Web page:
Wisconsin residency programs see decrease in applications
Wisconsin medical residency programs saw a near 2 percent dip in applications this year from United States medical school graduates, including an almost 8 percent decrease for OB-GYN residencies.
That’s after seeing an increase in residency applications last year, according to a report from the Association of American Medical Colleges. The report weighed potential impact of the Supreme Court’s Dobbs decision that led to state bans and other restrictions on abortion, including in Wisconsin.
Nationwide, residency applications were down 2 percent, and decreased 3 percent in states with abortion bans.
In a statement, Dr. Ellen Hartenbach, chair of the OB-GYN department at the University of Wisconsin School of Medicine and Public Health, said the university is uncertain if abortion restrictions caused this year’s decrease in applicants.
“Applicants have asked about the state’s 1849 abortion ban during their interviews,” Hartenbach said in a statement. “We ensure residents meet the required training guidelines by the Accreditation Council for Graduate Medical Education, so we are prepared for what the future holds.”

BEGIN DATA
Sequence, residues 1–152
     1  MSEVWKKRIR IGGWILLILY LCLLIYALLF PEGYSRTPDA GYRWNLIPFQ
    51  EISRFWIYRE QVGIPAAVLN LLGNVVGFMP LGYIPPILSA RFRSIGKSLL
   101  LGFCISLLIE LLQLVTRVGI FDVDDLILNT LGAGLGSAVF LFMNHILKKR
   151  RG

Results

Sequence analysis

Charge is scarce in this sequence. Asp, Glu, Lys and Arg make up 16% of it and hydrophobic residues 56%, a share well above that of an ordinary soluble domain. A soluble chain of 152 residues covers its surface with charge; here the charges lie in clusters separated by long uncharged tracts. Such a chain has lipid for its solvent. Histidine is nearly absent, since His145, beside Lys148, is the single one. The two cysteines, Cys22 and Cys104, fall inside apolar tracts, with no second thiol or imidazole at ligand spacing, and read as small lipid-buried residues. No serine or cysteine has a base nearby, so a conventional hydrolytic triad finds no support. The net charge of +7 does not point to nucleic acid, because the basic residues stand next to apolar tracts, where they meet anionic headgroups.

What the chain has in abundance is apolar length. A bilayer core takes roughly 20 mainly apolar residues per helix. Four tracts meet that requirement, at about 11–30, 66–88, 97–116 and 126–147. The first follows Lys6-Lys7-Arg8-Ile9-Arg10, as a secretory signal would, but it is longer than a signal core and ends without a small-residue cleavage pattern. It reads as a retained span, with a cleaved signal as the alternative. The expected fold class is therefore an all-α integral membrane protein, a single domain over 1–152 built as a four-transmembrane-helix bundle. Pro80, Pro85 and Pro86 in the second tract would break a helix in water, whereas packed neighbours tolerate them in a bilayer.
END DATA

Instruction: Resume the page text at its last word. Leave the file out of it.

The most recent application cycle closed just after the court decision. While Hartenbach is unsure of the ruling’s direct impact on interest in the University of Wisconsin’s OB-GYN residency, the court decision poses obstacles for those training in Wisconsin, where OB-GYN residents cannot complete their family rotations in state.
“This law does place a burden on residents in terms of travel and time to attend training out of state,” she said.
Dr. Kate Dielentheis, Medical College of Wisconsin assistant professor and associate director of the OB-GYN residency program, said the school filled all its OB-GYN residency spots this year.
“We’re keenly aware of the potential, long-term impacts a shortage of OB-GYNs practicing in Wisconsin may have on the health of our communities in Wisconsin,” Dielentheis said in a statement. “We will continue to offer (OB-GYN residents) robust, comprehensive training in obstetrics and gynecology and will be proud to graduate excellent clinicians.”
– Elizabeth Casolo for Wisconsin Health News